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Scientists oppose ICR certification in Texas


Now that the Institute for Creation Research's application for Texas certification of its graduate school is on hold until April 2008, the Texas Higher Education Coordinating Board is being inundated by e-mails from "some of the state's leading physicians and scientists" critical of the ICR's proposal to offer degrees in science education, the Austin American-Statesman (January 24, 2008) reports [Link broken], "including a Nobel laureate who warned that Texas is at risk of becoming 'the laughingstock of the nation.'" Using the Texas Public Information Act, both the American-Statesman and the Dallas Morning News received almost three hundred pages of e-mails to the THECB, supporting and opposing the ICR's application. "Many of the notes are from Texas," the Morning News (January 23, 2008) observed. "But others come from all corners of the U.S. and the world -- from Florida to the Philippines, Nevada to Nigeria."

Among the critics were three Nobel laureates. Alfred G. Gilman -- a winner of the Nobel Prize in Physiology or Medicine in 1994; executive vice president, provost, and dean at the University of Texas Southwestern Medical School; and a Supporter of NCSE -- asked, "How can Texas simultaneously launch a war on cancer and approve educational platforms that submit that the universe is 10,000 years old?" Robert F. Curl Jr. of Rice University, who won a Nobel Prize in Chemistry in 1996, alluded to the history of antievolution efforts in Kansas, writing, "If this program wins approval ... Texas will replace Kansas as the laughingstock of the nation." And Steven Weinberg of the University of Texas at Austin, who won a Nobel Prize in Physics in 1979, concurred, writing, "it would be a blow to science education in Texas, and an embarrassment for Texas."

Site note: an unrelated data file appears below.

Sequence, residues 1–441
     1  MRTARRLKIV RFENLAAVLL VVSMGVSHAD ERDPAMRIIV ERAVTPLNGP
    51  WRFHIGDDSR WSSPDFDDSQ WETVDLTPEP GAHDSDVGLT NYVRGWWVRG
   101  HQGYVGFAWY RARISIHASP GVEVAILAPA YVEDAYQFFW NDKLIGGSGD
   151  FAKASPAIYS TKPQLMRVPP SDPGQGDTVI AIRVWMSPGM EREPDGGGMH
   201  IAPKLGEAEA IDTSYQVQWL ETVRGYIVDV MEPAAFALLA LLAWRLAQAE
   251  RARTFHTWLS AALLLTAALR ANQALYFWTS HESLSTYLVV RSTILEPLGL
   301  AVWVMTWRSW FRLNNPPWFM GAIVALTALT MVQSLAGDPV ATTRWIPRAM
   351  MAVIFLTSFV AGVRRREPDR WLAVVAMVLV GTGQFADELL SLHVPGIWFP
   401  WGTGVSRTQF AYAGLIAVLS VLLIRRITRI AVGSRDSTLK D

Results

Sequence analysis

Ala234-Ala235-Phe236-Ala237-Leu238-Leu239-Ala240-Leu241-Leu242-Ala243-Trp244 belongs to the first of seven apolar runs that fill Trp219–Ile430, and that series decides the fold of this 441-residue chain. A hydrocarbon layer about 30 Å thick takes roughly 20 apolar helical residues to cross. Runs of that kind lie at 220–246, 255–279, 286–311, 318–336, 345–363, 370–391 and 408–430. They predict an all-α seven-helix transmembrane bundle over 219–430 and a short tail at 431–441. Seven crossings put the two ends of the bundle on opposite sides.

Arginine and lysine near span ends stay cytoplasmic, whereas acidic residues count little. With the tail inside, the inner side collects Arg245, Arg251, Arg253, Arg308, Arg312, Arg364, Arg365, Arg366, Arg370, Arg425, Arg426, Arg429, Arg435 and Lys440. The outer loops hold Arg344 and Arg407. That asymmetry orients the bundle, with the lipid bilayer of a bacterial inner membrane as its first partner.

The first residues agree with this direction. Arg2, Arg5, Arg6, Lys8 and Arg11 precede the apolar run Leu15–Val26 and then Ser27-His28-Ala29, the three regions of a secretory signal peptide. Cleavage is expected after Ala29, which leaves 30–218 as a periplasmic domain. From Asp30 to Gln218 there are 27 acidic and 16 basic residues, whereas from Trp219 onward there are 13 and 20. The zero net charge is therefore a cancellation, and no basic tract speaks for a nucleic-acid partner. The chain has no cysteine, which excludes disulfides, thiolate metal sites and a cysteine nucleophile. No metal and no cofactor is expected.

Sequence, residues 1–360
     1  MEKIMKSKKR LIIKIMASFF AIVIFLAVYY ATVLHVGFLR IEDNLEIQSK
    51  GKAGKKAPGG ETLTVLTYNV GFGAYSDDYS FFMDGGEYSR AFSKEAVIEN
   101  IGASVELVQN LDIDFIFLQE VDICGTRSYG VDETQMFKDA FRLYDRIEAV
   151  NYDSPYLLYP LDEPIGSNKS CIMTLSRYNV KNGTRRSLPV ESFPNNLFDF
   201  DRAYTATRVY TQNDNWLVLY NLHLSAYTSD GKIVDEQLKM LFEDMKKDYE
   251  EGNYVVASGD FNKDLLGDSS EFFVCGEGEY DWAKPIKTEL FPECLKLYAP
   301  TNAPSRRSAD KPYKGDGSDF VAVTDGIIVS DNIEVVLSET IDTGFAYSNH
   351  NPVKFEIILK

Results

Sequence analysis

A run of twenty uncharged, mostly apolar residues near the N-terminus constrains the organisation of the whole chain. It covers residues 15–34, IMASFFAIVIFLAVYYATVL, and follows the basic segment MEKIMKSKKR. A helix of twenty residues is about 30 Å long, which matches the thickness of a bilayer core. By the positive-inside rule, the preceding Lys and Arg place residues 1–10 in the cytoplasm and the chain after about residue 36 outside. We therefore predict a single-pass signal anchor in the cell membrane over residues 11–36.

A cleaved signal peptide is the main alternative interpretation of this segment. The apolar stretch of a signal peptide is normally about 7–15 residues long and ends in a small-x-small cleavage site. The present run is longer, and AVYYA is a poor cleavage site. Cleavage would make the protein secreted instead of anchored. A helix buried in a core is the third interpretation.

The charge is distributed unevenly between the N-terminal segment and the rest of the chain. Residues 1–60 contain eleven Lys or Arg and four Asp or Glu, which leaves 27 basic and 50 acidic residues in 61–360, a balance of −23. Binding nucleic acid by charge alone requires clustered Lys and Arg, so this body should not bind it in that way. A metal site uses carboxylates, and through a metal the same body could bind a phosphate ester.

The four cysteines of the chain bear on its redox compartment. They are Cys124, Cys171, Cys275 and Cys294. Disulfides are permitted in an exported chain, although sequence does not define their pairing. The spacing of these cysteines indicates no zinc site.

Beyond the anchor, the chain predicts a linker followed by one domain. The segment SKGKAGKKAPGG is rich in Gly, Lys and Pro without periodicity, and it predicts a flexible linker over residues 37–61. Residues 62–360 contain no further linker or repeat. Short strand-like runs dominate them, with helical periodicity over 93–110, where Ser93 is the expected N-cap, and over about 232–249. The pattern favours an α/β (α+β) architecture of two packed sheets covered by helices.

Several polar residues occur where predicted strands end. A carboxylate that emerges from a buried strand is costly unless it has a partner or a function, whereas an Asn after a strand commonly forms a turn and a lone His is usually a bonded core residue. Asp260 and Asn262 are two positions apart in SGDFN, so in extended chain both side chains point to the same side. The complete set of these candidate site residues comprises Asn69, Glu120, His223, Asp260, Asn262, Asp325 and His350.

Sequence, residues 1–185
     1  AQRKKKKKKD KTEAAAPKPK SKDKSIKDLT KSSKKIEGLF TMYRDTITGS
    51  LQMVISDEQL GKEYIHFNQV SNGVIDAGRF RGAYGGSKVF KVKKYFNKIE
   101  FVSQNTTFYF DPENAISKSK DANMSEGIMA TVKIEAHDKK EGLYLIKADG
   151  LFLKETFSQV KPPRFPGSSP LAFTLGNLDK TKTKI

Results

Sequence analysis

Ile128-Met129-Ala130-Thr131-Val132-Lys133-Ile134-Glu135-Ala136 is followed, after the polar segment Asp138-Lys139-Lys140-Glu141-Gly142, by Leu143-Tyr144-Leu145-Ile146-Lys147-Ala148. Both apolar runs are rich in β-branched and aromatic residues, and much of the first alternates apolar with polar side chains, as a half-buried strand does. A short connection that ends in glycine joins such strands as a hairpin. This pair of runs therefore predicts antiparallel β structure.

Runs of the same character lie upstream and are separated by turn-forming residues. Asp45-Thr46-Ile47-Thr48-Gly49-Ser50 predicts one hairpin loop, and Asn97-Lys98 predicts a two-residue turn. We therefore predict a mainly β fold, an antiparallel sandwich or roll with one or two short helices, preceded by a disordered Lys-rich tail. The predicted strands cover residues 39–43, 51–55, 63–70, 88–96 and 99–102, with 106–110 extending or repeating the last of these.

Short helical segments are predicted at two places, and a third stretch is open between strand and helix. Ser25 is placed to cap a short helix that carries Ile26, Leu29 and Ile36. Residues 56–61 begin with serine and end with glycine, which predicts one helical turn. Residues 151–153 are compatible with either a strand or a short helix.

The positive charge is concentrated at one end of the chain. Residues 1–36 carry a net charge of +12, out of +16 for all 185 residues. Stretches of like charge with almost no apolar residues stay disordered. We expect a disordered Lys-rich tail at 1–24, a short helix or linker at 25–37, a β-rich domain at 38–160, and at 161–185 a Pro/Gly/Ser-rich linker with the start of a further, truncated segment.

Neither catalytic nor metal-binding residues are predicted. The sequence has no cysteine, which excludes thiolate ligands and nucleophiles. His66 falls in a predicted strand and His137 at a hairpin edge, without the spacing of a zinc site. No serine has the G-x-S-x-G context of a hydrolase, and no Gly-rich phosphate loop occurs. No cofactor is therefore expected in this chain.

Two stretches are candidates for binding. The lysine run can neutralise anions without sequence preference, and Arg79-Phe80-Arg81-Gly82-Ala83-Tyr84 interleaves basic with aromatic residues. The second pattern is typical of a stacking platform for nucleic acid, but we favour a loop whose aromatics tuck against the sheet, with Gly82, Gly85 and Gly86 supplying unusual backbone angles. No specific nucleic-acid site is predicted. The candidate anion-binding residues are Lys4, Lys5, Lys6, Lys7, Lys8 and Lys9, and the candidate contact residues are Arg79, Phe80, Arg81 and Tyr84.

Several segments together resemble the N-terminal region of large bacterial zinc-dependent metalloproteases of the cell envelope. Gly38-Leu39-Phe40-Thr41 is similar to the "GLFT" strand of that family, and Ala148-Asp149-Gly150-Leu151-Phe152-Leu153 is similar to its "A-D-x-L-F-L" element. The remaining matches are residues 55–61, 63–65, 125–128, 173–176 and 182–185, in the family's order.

Also weighing in was Daniel W. Foster of the University of Texas Southwestern Medical Center and the president of the Academy of Medicine, Engineering, and Science of Texas, which seeks "to provide broader recognition of the state's top achievers in medicine, engineering and science, and to build a stronger identity for Texas as an important destination and center of achievement in these fields"; its members include over 200 Texas members of the National Academy of Sciences, the Institute of Medicine, and the National Academy of Engineering. "We should only teach true science in Texas schools and universities, not pseudoscience," Foster wrote to the THECB. "It is crucially important for our students and for the state. [I]t will be a very negative thing if our state becomes labeled as anti-science."

Back in December 2007, the American Institute for Biological Sciences also took a stand. Its president, Douglas Futuyma of SUNY Stony Brook, wrote in a December 28, 2007, letter to the THECB, "ICR is committed to advancing Young Earth Creationism, a literal view of the Bible that contends the Earth is less than 10,000 years old. Young Earth Creationism has repeatedly been shown, legally and scientifically, to be a religious belief system and not a credible scientific explanation for the history of Earth or the diversity of biological systems that have evolved on Earth. ... It is unacceptable for the state to sanction the training of science educators committed to the practice of advancing their religious beliefs in a science classroom. ... The THECB will ill-serve science students if it certifies a science teacher education program based on a religious world-view rather than modern science."

The THECB is currently expected to consider the ICR's application for certification for its graduate school at its April 24, 2008, meeting. Members of the THECB are appointed by the governor; a spokesperson for Governor Rick Perry told the American-Statesman that he took no position on the ICR's application. In the meantime, as NCSE previously reported, the THECB's commissioner, Raymund A. Paredes, is seeking further information about the ICR's curriculum, both from the ICR itself and from a panel of scientists and science educators. According to the American-Statesman, "Paredes'[s] recommendation on the proposal for an online master's degree program is expected to carry considerable weight, but the final decision is up to the Texas Higher Education Coordinating Board."